Encouraged by success in Japan, US teachers in recent years have begun to engage actively in the practice. However, because of the diffuse educational “system” in the United States that varies widely between districts and even between schools in the same district, the extent of use of Lesson Study is difficult to quantify. Catherine Lewis has identified more than 3300 US teachers who have actively engaged in Lesson Study since 2006 (Mills College Lesson Study Group). Separately, CPALMS, the previously cited project of Florida State University, has supported thousands of teachers in the Lesson Study process with training, funding, and resources since launching its Lesson Study Initiative in 2009. Other organizations such as the Educational Testing Service (ETS) and the Greenwich Japanese School have also championed Lesson Study, training many hundreds of teachers each year (Arani, Shibata, & Matoba, 2007). Combined, it is likely there are at least 10,000 teachers who have practiced or are practicing Lesson Study in the United States.

Lesson Study appears to be applied very differently across schools. Some schools develop incredibly detailed lesson plans while others only iterate through the process once, without much revision. At one school in Connecticut, the Lesson Study groups often go through one or more “mock teaching” sessions with other teachers, allowing teachers to revise the presentation and even the wording of specific parts of the lesson. Teachers even create diagrams to represent what will be presented on the blackboard and when each topic will be added. However, schools we have observed that use primarily lecture-style teaching found that the process was not particularly valuable simply because the observed benefits of the process did not compensate for the time invested by the Lesson Study team. Teachers developing lecture-style lessons typically iterated through the Lesson Study process only once before feeling that the lesson was high quality.

A teacher from a New York school told us that his school was moving from lecturing toward problem-based learning in an attempt to engage teachers more deeply in the Lesson Study process. For instance, during problem-based learning exercises, it is easy for students to experience wide swings in their level of engagement, from becoming lost in problems that are too challenging to being bored by problems that are too easy. Lesson Study teachers can overcome this challenge by developing “clue” cards they hand out to students who are particularly lost or frustrated by a difficult problem. This is especially ripe for Lesson Study, where finding “the right clue” that will make the solution attainable without making it too easy (and thus inauthentic) takes many iterations and testing.

Finally, many American teachers are excited to use Lesson Study to develop new lessons based on the Next Generation Science Standards (NGSS) and Common Core State Standards (CCSS) in Math and English. Many teachers feel that the new standards (and resulting curricula) are so complicated that it will take a Lesson Study group working cooperatively to pull apart the meaning behind each standard.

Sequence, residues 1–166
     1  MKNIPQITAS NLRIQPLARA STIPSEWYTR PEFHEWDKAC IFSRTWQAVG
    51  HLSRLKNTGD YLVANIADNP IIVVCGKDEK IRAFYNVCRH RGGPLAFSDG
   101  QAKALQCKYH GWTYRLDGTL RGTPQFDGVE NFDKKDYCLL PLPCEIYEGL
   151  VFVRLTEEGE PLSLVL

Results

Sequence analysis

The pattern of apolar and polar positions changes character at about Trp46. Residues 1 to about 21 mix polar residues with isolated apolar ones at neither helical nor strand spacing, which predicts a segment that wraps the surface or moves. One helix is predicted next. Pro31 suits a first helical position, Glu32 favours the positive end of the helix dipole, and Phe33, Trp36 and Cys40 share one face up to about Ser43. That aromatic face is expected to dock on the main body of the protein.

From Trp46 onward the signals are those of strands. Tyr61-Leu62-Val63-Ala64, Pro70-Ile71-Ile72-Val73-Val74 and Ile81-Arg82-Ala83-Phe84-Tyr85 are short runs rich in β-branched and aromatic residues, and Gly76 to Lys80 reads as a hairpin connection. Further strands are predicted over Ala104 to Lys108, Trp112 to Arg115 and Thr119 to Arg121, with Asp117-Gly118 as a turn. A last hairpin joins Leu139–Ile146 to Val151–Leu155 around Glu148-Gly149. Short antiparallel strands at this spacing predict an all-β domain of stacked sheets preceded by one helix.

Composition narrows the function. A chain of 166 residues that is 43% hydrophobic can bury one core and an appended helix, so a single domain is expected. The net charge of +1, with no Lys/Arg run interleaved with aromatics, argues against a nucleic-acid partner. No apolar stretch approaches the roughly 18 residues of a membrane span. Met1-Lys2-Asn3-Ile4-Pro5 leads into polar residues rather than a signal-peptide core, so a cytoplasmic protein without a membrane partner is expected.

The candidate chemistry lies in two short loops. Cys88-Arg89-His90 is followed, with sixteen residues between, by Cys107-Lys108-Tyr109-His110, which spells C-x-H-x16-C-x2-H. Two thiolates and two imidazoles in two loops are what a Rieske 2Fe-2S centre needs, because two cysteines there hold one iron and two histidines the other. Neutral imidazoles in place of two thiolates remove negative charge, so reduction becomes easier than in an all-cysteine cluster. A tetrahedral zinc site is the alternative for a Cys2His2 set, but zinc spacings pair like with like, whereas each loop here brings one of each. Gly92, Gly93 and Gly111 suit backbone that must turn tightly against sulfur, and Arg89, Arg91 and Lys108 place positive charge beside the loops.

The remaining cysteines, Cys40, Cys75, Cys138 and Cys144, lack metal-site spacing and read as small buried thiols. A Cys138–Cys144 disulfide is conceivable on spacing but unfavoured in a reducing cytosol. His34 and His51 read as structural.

In an attempt to make the practice of Lesson Study more uniform across the United States, some have developed “resource kits” that walk teachers step-by-step through the development process. CPALMS has created a support system that coordinates all the communication and work done among Lesson Study teams so that team members can be dispersed across different schools. These resource kits also provide teachers with access to research articles and other tools to support their professional development. Early evidence suggests this is becoming a successful “Train the Trainers” program.

3.2. The Benefits of Lesson Study

Lesson Study appears to offer many positives. It has made teachers more aware of and critical of day-to-day classroom activities. Through the Lesson Study iterative process, individual teachers take on the role of reflective professional researcher and can observe their own actions and the actions of others more objectively (Roberts, 2010). Because the group dynamic revolves around the practice of critical discussions, each teacher feels safe to criticize constructively the outcomes of the lesson to improve it. This leads to a spillover effect in which other teachers become more critical of their own lessons once they have become comfortable with the iterative process of improving their practice (Droese, 2010). This also encourages teachers to become more receptive to feedback on their lessons and teaching methods from educators outside the Lesson Study group. One teacher in Connecticut told us, “My group of teachers has been able to effectively create a safe space for each other to give feedback and criticize without being rude and especially without having high-stakes attached. This has helped all of us, new and experienced, grow as teachers.”

As a result of these self-critical habits, Droese (2010) found increased collaboration across entire schools, and not just among those participating in Lesson Study groups, as the culture shifted to an environment of cooperation, collaboration, and self-reflection. But it remains a fact that few empirical studies have examined the detailed outcomes of the Lesson Study process in the United States.